(Bloomberg) — Chairwoman Janet Yellen’s Federal Reserve wraps up a two-day meeting on Wednesday in Washington. Officials are expected to debate whether the economy can handle another interest-rate increase after they hiked in December for the first time in almost a decade.
The Fed OMC deliberations come as the central bank receives conflicting signals about the economy’s strength: A comprehensively weak May jobs report contrasts with strong spending. Economists and investors don’t expect a rate increase this week, and will look to the Fed’s statement, quarterly economic projections and Yellen’s press conference for hints at future timing and pace.
Here’s what to watch for when the Fed releases its statement and economic projections at 2 p.m. EST and Yellen speaks at 2:30 p.m. EST in Washington.
LABOR MARKET VS. GROWTH
“...labor market conditions have improved further even as growth in economic activity appears to have slowed.” — April 27 FOMC statement
Fed officials will almost certainly revisit the statement’s first sentence, because job gains have slowed — averaging 81,000 per month in April and May, after a pace of 196,000 in the first quarter — even as consumer spending accelerated and confidence has remained high. A strong consumer should help economic growth rebound in the second quarter after a lackluster start to 2016.
What’s really important is how Fed officials characterize the labor market change: Do they see it as a blip, or a more fundamental slowdown? If they’re looking for more clarity, how much more data do they need to see?
“We will be looking for exactly how they detail the recent weakness in the economy,” said Lindsey Piegza, chief economist at Stifel Nicolaus in Chicago, specifically pointing to the labor report. “The Fed will be much more willing to jump back on the bandwagon of a near-term interest rate increase if they see this as isolated.”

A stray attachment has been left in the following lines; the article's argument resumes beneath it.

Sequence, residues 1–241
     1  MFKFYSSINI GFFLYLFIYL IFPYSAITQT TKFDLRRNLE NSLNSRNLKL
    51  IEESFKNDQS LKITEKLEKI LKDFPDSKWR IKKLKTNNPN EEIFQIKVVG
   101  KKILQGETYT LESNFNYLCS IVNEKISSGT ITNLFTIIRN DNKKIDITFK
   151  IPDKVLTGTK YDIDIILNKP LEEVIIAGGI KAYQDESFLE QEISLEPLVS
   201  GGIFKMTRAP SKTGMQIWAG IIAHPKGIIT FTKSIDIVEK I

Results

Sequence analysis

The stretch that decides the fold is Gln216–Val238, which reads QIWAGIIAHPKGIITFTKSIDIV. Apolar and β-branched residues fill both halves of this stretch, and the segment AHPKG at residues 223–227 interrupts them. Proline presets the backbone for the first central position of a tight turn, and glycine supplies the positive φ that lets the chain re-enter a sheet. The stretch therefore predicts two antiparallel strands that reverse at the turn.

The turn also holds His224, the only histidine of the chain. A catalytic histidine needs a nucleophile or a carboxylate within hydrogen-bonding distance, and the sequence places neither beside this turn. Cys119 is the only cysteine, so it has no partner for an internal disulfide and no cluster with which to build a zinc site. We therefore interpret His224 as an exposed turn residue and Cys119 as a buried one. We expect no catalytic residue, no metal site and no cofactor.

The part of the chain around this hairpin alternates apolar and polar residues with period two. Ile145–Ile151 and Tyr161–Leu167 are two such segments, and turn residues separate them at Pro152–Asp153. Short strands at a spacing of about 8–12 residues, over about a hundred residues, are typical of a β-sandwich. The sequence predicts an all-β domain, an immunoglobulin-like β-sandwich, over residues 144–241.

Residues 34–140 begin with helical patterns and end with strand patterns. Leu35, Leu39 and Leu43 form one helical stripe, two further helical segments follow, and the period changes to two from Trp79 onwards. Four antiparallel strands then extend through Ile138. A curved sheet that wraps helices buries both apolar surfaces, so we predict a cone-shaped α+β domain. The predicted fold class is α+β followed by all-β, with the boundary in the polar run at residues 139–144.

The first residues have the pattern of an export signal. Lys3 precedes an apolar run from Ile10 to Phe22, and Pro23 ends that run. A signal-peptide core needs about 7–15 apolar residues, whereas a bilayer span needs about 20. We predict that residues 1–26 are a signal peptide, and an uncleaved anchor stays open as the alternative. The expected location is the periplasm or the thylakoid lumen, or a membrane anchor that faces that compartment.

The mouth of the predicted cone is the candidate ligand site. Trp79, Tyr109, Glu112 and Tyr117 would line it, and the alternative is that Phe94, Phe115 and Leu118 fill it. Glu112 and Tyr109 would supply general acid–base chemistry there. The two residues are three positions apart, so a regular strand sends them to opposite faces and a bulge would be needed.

The Fed’s so-called “dot plot,” released alongside the statement with quarterly economic forecasts, shows the pace of interest-rate increases that central bank officials expect will be warranted. In March, the median projection fell to two quarter-point hikes this year, versus a prior expectation for four.
If that falls further, it could be an important dovish signal. If officials maintain the call for two increases at a time when markets are looking for no more than one, they could force investors to reassess.
Fed officials in March also projected four rate hikes in both 2017 and 2018. Any further reduction would show tightening will be even more gradual than the already-slow pace they’d anticipated.
Goldman Sachs economists Zach Pandl and Jan Hatzius expect the median fed funds rate outlook for this year will be unchanged and the pace of later increases will probably come down.
“The risks to the 2016 projections are likely skewed to the downside: if many participants see September as the appropriate time for the next rate increase, they may only show one hike for the year, as there may simply not be enough ‘time on the clock,’” they wrote in a research note last week.